I am a Senior Lecturer (tenured) in International Relations at the Australian National University (ANU). I was previously in the Department of Political Science at the National University of Singapore (NUS).

I received a MSc and PhD in International Relations from the London School of Economics and Political Science. Prior to this, I received a BA (hons) in History from St. Stephen’s College, Delhi University.


My research centers on the microsociological study of international relations. Everyday practices, face-to-face interactions, emotions, and embodied experiences are the small units of analysis that take centerstage in my research. Long considered irrelevant in a field dominated by grand and structural theories, my work is part of a growing body of scholarship that shows how small units have a distinct form and enjoy a puzzling degree of autonomy from wider structural constraints, making them consequential in world politics.

While I have an abiding interest in the wonders of the ‘micro,’ I wrestle with my structural and historical instincts. This informs my interest in asking how micro-level units are tethered to wider structures of class, race, and gender. In making these connections I draw a great deal of inspiration from structural approaches like historical sociology and Bourdieusian political sociology.

Empirically, I pursue my interest in the micro by studying diplomats and international bureaucrats. Most of my fieldwork has been in the circuitries of everyday diplomacy spanning ministries and diplomatic enclaves in Southeast Asia, especially in the budding ASEAN diplomatic field in Jakarta, Indonesia. I use interpretive approaches and methods in my research, mainly elite interviews and ethnography (when possible), supported by historical print-media analysis.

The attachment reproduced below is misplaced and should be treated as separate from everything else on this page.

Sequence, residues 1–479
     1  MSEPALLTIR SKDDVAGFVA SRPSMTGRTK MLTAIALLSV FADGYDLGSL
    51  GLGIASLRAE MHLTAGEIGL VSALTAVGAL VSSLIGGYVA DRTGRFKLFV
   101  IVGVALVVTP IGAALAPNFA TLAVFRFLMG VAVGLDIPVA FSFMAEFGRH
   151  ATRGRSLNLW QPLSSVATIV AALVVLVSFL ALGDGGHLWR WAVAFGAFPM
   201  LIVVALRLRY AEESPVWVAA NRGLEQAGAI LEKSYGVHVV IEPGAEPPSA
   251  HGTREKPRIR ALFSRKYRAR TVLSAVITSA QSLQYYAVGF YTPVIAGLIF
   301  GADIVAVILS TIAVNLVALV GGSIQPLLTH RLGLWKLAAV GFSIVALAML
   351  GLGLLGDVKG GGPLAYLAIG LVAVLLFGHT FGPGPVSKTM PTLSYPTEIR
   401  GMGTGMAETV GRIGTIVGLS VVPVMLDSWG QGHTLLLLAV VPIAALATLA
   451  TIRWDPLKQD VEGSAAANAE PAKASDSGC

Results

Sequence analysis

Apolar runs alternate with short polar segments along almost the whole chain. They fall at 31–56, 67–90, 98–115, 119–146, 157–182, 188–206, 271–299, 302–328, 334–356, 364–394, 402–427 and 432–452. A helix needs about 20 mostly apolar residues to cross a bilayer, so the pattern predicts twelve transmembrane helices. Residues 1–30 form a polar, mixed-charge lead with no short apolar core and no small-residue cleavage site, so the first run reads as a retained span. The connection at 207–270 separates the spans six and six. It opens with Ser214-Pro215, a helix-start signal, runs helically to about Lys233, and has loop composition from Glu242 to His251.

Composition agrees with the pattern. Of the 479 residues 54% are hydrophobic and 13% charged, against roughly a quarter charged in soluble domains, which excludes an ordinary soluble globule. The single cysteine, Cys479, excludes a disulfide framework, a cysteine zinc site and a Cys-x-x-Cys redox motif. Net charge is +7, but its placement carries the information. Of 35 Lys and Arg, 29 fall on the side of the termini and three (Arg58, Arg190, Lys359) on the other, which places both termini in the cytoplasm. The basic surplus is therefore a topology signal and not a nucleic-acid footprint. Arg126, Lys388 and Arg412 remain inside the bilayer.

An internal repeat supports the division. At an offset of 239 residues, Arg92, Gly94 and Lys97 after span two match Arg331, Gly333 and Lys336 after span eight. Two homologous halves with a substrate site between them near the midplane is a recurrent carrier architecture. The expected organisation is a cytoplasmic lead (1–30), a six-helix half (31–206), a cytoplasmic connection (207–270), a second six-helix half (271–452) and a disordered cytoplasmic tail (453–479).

Besides my research, I love literary fiction (especially postcolonial fiction in South and Southeast Asia), sci-fi films, and nearly anything by the virtuoso Vladimir Horowitz. 

Current Projects

I am currently working on a book manuscript on the everyday cultural production of ASEAN. Titled “The Politics of ‘Doing Nothing’: The Cultural Production of Inaction in ASEAN” the book examines how seemingly banal, bogus, and empty activity can have powerful political effects.

Since joining the ANU, I have started a project on the “Third Indochina War in the Making of Southeast Asia: The Afterlives of War, Genocide, and Diplomacy.”

Please contact me if you would like more information on either or touch base to express shared interests.

Research Interests

Microsociology, Diplomacy, International Bureaucracy, Ethnography, International Politics of Southeast Asia, ASEAN.

Awards & Grants


Journal Articles      


Book Chapters

  • Nair, Deepak. (Forthcoming in 2024). “A Diplomatic Image and its Afterlife: Bangkok 1967 and ASEAN’s Creation Myth.” In Naoko Shimazu and Mathew Philips eds. Diplomatic Images: Cold War Asia (Cambridge: Cambridge University Press).
  • Nair, Deepak (2022) “The Military-Catholic Network in the Cold War Diplomacy of Suharto’s Indonesia.”  In Sercan Yolacan, Ameem Lufti, and Nisha Mathews eds. Strongmen and Informal Diplomats: Toward an Anthropology of International Relations (Abingdon: Routledge Special Issues as Books).


Editor Reviewed Publications 


Book Manuscript (in progress)

Title: “Doing Nothing”: The Cultural Production of Inaction in ASEAN Diplomacy


Service to the Profession


At ANU, I am teaching a postgraduate seminar on International Relations in the Asia-Pacific (INTR8022). 

Syllabus: https://www.researchgate.net/publication/373157730_SYLLABUS_NAIR_International_Relations_in_the_Asia-Pacific_ANU